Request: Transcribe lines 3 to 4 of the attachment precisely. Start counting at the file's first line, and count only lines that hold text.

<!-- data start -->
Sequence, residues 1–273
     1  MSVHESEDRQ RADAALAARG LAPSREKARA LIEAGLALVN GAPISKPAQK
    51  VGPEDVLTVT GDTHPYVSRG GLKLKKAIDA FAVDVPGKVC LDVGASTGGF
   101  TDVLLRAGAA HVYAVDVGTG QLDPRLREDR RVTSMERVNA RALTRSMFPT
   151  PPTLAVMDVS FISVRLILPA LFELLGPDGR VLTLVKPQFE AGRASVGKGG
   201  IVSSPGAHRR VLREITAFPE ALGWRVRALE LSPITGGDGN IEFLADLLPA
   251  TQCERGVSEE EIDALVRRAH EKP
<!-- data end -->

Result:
    51  VGPEDVLTVT GDTHPYVSRG GLKLKKAIDA FAVDVPGKVC LDVGASTGGF
   101  TDVLLRAGAA HVYAVDVGTG QLDPRLREDR RVTSMERVNA RALTRSMFPT